Zero-emissions ultracapacitors recharge in minutes
Oct 26, 2009 - McClatchy-Tribune Regional News - Tim Devaney The Washington Times
When the bus driver started the new electric engine, it was so quiet he turned the key twice to make sure it was running.
"It was really quiet. That was one of the first things I noticed," said Arvil Gonzalez, an American University graduate student who took a test ride in the ultracapacitor minibus when it arrived last week for a campus demonstration. "It felt more like being pulled in a wagon than riding in a bus."
The bus was the first vehicle in the U.S. powered completely by ultracapacitors, which recharge in minutes and could greatly reduce noise pollution in cities around the country, said Dan Ye, chief executive officer of Sinautec Automobile Technologies in Arlington.
The bus is also cheaper and cleaner to operate than a diesel bus. It consumes no fossil fuels and doesn't produce any tailpipe emissions, either.
Ultracapacitors don't rely on slow chemical reactions to store and release their energy. Instead, they quickly absorb a charge and store electrons on layers of plates, which can release the charge just as quickly -- the way a rug can hold static electricity and transfer it when you touch a metal doorknob.
"Its a brilliant concept," said ultracapacitor expert and Massachusetts Institute of Technology electrical engineering professor Joel Schindall. "Its not well suited for electric-only cars, but it is practical to stop a bus every few city blocks."
Sinautec helped introduce 24 full-size ultracapacitor buses to Shanghai three years ago, and along with Foton America Bus Co. Inc. of Germantown, Tenn., is planning to introduce as many as 60 buses in the American marketplace next year.
While most battery-powered vehicles take hours to recharge, this new generation of electric vehicles recharges in 90 seconds, said Foton chief executive Cliff Clare Jr.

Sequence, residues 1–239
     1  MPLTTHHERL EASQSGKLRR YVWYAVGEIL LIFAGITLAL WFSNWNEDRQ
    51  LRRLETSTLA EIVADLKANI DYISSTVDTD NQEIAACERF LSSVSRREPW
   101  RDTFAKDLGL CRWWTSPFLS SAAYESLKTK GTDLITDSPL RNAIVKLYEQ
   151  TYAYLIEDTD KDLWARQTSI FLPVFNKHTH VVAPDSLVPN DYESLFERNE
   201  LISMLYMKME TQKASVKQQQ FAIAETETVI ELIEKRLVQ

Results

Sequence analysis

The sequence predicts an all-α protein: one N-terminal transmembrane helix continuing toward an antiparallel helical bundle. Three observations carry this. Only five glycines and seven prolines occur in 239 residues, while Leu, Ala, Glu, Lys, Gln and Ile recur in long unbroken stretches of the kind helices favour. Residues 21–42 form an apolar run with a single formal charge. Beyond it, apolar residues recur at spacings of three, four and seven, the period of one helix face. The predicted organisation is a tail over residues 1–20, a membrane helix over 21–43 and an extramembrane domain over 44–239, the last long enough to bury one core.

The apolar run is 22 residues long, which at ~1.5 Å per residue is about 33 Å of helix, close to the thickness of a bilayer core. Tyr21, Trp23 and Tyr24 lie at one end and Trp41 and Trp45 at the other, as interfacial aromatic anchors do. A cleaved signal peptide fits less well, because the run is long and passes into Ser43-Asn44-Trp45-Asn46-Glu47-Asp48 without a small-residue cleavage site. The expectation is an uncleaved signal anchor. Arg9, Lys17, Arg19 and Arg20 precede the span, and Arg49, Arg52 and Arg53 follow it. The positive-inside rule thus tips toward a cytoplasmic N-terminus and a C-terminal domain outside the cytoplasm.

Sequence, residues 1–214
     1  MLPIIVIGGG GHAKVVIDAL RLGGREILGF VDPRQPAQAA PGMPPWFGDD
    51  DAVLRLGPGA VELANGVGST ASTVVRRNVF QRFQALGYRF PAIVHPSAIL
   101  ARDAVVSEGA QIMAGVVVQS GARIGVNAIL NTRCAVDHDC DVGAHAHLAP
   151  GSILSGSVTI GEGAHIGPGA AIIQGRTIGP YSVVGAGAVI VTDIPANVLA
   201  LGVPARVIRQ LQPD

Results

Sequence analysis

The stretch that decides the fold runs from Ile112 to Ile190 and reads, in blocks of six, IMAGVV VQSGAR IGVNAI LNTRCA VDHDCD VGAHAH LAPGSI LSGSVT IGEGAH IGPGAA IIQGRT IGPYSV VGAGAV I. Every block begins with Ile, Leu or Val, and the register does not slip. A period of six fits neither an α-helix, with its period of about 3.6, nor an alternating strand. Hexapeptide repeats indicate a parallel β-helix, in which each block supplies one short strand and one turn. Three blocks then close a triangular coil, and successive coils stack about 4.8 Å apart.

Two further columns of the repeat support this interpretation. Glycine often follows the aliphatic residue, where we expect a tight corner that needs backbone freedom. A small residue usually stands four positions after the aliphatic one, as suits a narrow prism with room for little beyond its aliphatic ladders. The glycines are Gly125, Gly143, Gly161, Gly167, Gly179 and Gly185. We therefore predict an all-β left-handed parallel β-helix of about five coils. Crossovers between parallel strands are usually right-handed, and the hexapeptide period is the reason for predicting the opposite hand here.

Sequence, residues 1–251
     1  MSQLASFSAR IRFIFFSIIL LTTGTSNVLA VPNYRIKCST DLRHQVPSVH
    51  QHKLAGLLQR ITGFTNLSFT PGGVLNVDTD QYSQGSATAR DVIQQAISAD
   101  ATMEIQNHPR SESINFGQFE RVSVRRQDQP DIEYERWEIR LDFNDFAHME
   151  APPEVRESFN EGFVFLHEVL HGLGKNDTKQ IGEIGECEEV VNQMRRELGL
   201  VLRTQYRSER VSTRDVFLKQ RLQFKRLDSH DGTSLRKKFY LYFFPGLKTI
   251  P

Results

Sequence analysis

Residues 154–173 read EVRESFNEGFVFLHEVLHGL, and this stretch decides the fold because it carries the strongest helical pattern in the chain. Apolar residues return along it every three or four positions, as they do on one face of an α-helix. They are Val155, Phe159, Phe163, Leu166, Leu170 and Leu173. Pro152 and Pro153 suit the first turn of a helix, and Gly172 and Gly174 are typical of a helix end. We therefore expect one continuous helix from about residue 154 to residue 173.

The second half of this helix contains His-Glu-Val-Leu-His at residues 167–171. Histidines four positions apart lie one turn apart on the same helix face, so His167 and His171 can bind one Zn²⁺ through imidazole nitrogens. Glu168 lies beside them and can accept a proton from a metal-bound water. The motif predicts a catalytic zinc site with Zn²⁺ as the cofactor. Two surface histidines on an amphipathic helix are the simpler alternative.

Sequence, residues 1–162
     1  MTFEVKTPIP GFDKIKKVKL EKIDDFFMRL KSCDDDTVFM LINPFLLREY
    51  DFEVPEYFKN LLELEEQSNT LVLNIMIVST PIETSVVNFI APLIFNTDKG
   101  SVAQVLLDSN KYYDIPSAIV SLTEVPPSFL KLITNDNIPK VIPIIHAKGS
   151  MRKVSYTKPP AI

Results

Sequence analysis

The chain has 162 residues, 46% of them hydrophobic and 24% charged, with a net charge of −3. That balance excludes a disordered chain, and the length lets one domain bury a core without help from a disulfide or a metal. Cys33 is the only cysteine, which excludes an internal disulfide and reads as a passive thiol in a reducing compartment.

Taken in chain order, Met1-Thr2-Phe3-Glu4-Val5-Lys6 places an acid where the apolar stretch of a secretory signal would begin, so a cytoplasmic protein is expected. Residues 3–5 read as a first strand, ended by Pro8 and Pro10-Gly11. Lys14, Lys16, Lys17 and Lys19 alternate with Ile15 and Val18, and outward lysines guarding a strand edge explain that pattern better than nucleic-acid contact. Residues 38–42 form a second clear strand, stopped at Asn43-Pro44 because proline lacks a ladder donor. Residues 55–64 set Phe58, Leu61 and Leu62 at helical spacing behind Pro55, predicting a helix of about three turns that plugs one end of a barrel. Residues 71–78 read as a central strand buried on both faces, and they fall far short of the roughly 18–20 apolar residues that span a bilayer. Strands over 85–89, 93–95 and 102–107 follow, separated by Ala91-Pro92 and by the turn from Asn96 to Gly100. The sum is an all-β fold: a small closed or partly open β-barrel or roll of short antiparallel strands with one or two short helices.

The downside is that they lose their charge almost as quickly. That's the major problem with ultracapacitor-powered vehicles, said Mr. Schindall.
Right now, ultracapacitor vehicles must recharge about every five miles. By January it will be up to 10 miles, and a year from now it could be as many as 30 miles, Mr. Clare said.
While public transportation systems could be adjusted to meet these recharge demands for city buses, regular drivers will not appreciate the frequent interruptions to keep their personal vehicles running, Mr. Schindall said.
He would like to see mass installations of electric charging stations at bus stops and gas stations around the country.
"Then I don't have to be driving and worry, 'Gosh, it's 20 miles home. Am I going to make it?' Most people are not going to put up with that," he said.
Price is another factor. An ultracapacitor bus can cost as much as $600,000, which is at least 50 percent more than the cost of a regular bus that runs on diesel, Mr. Clare said.
But these vehicles could save transit agencies and motorists money in the long run by eliminating common expenses such as engine tuneups and daily diesel fill-ups, he said, adding that the electric buses could cut fleet maintenance costs by 85 percent.
Sinautec and Foton are currently targeting transit agencies with their ultracapacitor vehicles. It could take a decade to compete in the passenger vehicle market, Mr. Clare said.
"What we're doing is bringing it from the academia world to use for the real Joe on the street," Mr. Clare said. "It's a wow factor that no one has been able to fathom until now."
In fact, the developers are considering adding noisemakers and blinking lights to warn pedestrians when the super-quiet buses are approaching.
"You don't want a huge truck being totally quiet and running you over," Mr. Ye said. "I personally think they should put in a little more sound."